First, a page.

How to prevent overcharging a lawn mower battery

Choose a charger that is appropriate for the specific battery

Every battery has a power rating which is measured in kilowatts. This rating shows how much power can flow in and out of the battery at any given time. Furthermore, batteries also contain certain amounts of voltage. A few different factors determine this fundamental battery characteristic. They include:

  • Chemical reactions in the battery. 
  • The type and range of the battery components. 
  • The polarization of the battery. 

It’s very important to choose a charger that suits both measurements. Otherwise, it can throw the balance out and cause overcharging, leading to a range of problems.

However, it is possible to use specifically designed chargers that contain built-in voltage regulators. These devices help maintain a power source’s voltage within acceptable limits. It helps to keep the voltage at the desired amount to prevent overcharging.

Monitor and maintain the battery

It’s so easy (and convenient) to put your batteries on charge and leave them there until the next time you need them. Doing so, though, is a surefire way to ruin your batteries.

The best way to avoid this is to make sure that you go back and check on the charger every 30 mins to check that it has completed its charge and then switch the charger’s power off.

Monitor and maintain the battery

Furthermore, always check the battery’s temperature to ensure it isn’t boiling. This will also reduce its longevity if done too often. Even a marginally hot battery can be detrimental to its health.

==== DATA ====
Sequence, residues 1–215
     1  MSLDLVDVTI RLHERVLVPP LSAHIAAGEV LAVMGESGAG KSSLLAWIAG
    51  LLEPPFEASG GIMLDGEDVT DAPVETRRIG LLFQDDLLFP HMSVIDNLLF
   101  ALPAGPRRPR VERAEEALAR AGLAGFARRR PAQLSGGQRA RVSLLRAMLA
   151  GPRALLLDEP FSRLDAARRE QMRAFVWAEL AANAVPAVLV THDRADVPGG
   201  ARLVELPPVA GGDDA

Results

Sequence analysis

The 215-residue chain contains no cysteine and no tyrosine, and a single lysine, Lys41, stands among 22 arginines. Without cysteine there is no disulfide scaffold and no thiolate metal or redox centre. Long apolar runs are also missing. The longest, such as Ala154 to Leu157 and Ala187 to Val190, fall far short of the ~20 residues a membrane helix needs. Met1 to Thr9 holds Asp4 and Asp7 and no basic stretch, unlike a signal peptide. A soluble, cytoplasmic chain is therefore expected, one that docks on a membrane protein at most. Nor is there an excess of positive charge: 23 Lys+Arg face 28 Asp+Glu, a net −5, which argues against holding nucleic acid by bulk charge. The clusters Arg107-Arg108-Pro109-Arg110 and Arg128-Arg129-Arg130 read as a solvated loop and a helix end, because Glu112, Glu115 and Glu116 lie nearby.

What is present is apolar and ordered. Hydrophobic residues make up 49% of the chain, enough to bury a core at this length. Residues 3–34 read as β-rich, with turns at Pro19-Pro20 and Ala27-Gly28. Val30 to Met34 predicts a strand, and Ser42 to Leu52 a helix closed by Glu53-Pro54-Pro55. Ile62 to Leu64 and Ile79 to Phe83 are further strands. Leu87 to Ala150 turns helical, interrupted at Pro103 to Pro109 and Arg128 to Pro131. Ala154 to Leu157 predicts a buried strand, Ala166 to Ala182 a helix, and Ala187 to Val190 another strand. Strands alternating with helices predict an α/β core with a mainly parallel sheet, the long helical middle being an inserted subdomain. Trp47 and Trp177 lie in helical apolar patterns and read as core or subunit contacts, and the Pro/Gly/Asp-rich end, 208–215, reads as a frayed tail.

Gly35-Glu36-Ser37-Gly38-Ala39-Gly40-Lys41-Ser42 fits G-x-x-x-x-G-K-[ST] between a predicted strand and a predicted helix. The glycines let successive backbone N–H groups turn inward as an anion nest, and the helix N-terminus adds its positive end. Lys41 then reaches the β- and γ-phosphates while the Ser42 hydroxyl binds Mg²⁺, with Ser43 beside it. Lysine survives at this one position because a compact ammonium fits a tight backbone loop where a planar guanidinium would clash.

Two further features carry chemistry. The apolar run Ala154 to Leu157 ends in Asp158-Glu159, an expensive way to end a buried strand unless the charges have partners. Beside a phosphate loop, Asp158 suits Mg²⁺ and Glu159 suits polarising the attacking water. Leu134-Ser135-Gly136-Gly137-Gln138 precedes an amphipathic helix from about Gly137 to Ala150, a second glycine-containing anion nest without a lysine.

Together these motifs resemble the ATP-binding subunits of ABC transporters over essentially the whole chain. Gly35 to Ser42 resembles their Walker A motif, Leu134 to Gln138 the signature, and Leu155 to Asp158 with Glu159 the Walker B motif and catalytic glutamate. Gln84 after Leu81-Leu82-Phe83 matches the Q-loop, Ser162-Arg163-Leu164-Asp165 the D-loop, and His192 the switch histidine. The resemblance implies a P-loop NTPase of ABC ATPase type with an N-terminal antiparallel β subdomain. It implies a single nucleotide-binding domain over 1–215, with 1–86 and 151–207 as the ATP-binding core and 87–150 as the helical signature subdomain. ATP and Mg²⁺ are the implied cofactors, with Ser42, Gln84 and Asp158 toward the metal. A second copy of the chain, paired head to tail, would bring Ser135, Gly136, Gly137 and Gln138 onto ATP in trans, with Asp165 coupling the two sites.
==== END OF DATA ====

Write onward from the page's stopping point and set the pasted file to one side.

Use a smart charger

Smart chargers are an amazing piece of technology worth their weight in gold. They aim to help prevent overcharging by automatically switching to a maintenance charge mode when necessary. Most variants work in 3 stages. 

  • Stage 1 (Bulk Charging) – Charges up to 80% full with high voltage and amperage. 
  • Stage 2 (Absorption Charging) – Detects the levels required to continue. Lowers the amperage whilst maintaining voltage to slowly and safely continue with the charge up to 85-95% (depending on the charger).
  • Stage 3 (Float/Maintenance Charging) – The voltage slowly tapers down, and the charger trickles the power up to 100% (Full charge)

Use a battery tender

Battery tenders are another handy device that can help charge a battery without reaching the point of overcharging. They contain an electronic voltage regulator and a timer system that stays connected to the battery at all times to keep it charged even when in storage.

Use a battery tender

Battery tenders will not affect a dead battery, whereas a battery charger jump starts a dead battery. One of these on your lawn mower battery can help extend its lifespan. 

Install an Overcharge Protection Circuit

An overcharge protection circuit works by using and protecting a secondary battery. The circuit controls the second battery by toggling an override control switch on and off. It charges the current that flows through to the secondary battery from the charging source.

The backup battery is connected between a main power source terminal and a grounded terminal. This ensures that the battery can never become overcharged, instead just charged enough to ensure that it continues to maintain a healthy level of power. 

How to troubleshoot and fix an overcharged lawn mower battery?

If you suspect that your lawn mower battery has been overcharged, there are several things you can do to correct the issue. However, it isn’t always possible to fix, as we explain below. Let’s walk through some simple steps to try to troubleshoot the problem.